TL;DR: Throughout the trilogy, Bruce always uses his gravelly voice while in costume, regardless of who he is interacting with.
The circumstances don't seem to make any difference. He might be in the Batcave with Alfred, where no one else can possibly hear him; he'll still speak that way. He might be telling someone who he really is; he'll do it in the Batvoice. No matter who he is speaking to or what else is happening, if he's wearing the Batsuit, he growls everything he says.
When does he use the gravelly voice?
Every time we see him in costume, and a couple of times when he's in street clothes (e.g., when he finds the cops tied up during the funeral procession in The Dark Knight). In short, whenever he is acting as Batman rather than as Bruce Wayne, we hear the voice.
Ra's Al Ghul knew Batman was Bruce, they were alone on a train that was about to blow up, and Ra's was going to blow up with it, but Bruce still used the voice:
Bruce maintains the charade even as he reveals his identity to Rachel:
Bane and Talia know who Batman is, but Bruce keeps up the fake voice:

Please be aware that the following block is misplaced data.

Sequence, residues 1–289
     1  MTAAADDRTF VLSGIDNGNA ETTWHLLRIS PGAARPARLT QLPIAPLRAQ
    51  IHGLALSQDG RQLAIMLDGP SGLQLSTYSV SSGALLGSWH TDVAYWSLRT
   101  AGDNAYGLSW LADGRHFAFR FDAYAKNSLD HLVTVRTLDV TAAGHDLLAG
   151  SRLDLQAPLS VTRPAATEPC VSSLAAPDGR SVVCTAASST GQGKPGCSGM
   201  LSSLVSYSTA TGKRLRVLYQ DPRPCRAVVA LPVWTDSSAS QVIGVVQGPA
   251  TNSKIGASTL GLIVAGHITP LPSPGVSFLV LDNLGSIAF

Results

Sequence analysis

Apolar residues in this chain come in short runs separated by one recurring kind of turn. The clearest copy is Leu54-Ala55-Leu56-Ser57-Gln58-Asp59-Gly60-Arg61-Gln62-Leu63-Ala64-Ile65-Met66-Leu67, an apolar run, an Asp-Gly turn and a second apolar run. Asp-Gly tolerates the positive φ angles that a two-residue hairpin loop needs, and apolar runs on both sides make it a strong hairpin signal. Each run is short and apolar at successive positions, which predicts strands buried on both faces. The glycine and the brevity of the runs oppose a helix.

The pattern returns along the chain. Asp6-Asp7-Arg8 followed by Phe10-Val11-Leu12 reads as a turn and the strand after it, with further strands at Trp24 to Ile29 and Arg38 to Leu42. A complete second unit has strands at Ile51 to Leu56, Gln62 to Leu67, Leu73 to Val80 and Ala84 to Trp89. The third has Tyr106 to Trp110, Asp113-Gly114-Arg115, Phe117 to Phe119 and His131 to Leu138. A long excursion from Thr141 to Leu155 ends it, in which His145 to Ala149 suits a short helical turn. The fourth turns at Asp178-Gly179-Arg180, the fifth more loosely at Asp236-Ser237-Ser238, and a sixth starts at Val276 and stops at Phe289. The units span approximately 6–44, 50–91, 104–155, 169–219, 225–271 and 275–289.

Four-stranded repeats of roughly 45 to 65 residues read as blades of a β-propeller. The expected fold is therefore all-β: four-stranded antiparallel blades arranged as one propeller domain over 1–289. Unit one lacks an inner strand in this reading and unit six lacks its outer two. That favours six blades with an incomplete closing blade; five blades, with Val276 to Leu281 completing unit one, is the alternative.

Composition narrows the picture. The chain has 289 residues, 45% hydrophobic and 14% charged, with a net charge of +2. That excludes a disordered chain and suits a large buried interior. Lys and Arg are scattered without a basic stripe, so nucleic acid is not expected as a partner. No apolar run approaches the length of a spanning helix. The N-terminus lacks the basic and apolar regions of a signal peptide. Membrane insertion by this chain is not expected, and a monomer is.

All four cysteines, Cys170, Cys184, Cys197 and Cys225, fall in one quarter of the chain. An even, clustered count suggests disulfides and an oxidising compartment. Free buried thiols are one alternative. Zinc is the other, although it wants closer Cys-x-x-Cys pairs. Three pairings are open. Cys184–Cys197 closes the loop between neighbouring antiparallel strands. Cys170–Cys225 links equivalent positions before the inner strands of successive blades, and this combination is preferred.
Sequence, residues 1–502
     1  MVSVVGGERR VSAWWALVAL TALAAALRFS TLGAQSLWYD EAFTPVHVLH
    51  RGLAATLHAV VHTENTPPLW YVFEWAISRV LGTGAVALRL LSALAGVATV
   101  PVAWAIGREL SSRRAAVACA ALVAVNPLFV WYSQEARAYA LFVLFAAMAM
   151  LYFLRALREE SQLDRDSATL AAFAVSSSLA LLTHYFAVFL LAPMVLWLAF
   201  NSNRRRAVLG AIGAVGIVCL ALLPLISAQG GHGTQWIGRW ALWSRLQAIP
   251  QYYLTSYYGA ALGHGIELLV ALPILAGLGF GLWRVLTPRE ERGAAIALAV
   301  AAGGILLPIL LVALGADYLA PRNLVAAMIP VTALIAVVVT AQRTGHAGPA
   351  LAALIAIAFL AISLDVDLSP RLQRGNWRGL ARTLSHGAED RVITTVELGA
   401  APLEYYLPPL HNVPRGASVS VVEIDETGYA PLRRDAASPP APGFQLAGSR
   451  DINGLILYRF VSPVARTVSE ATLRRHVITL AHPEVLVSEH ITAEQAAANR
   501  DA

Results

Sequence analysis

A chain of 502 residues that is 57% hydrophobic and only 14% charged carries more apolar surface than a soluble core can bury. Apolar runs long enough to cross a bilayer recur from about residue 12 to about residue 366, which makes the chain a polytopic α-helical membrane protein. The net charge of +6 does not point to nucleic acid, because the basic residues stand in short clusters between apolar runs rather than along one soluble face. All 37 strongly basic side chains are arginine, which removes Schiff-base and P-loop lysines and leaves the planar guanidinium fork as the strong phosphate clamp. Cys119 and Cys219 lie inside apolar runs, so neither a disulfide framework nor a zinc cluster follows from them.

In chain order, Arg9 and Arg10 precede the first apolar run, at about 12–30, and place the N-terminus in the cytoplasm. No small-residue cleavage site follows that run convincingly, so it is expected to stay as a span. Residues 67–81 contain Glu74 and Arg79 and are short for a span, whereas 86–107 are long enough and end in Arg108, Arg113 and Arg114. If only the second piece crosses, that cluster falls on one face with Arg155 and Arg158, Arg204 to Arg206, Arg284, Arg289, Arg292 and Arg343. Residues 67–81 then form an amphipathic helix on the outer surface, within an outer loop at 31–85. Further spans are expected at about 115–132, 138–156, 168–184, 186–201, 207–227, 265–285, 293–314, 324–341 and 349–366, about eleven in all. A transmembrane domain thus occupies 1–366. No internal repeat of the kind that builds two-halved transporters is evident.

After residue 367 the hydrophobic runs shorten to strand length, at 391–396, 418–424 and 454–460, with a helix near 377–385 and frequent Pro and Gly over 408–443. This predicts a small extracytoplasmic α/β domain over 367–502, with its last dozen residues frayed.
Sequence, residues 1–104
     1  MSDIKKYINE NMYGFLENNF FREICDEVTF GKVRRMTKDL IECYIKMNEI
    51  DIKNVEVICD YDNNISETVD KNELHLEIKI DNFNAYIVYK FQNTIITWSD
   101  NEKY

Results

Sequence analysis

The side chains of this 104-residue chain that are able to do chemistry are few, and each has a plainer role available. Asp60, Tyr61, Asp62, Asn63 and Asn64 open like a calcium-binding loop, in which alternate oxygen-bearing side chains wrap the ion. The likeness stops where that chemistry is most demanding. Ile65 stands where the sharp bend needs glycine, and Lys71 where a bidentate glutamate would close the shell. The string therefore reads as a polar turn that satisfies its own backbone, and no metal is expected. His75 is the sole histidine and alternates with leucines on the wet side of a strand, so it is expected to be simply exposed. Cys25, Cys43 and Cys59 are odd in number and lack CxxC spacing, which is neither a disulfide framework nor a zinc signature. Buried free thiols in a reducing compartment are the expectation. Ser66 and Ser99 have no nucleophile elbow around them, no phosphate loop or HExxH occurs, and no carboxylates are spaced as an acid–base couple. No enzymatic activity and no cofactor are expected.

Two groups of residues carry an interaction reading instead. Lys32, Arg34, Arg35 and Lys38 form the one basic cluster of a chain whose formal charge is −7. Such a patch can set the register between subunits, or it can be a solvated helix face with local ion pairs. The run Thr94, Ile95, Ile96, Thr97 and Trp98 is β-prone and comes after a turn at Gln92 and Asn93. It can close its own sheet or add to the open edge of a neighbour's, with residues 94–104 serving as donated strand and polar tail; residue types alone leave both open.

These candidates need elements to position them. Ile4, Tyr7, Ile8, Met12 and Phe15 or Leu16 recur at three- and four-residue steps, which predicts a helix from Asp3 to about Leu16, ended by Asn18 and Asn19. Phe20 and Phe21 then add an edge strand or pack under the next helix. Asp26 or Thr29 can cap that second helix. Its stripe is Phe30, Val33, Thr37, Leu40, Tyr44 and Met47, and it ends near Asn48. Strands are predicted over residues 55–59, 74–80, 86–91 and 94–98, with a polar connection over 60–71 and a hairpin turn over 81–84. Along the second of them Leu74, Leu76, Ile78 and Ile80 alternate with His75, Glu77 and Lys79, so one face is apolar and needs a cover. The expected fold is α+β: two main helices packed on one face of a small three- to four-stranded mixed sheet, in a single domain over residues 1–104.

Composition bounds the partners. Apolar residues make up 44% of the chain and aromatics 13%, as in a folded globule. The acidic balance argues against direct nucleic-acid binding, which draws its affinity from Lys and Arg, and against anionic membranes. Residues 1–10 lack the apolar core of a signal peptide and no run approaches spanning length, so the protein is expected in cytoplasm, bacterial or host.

Lucius built all the Bat-crap and is Bruce's closest confidant aside from Alfred, but Bruce keeps growling anyway:
Alfred wiped Bruce's butt and changed his diapers, he stitches up his Bat-injuries, and he advises him on Bat-tactics; still, Bruce refuses to drop the voice with Alfred:
Batman lets Gordon know his secret identity, still in his gravelly voice:
Here's the kicker: he maintains his fake voice while he is alone and talking to himself! (thanks to Zac Cries for mentioning this one).
Why does he always use his silly voice?
Although it was cut from the film and is therefore probably not canonical, the production notes and a deleted scene say that the voice is a feature of the cowl itself:
Actually, the Batman of "Batman Begins" was designed to sound different from the start. The production notes from the film reveal that Batman's cowl is equipped with mics and speakers (see image above) that allow him to... enhance his speaking voice.
"High-gain stereo microphones are concealed in the ears, allowing Batman to eavesdrop on distant conversations," the notes describe. The mics can also amplify Batman's voice and broadcast it through a discreet speaker in the suit, giving his voice that distinctively gruff, disembodied sound.
While the original script included a scene that went over these Bat-details, mentions of Batman's embedded vocal distorter wound up being cut from the final film. (Still, the Batsuit's tiny speakers remained visible upon close inspection.)
- Yahoo Movies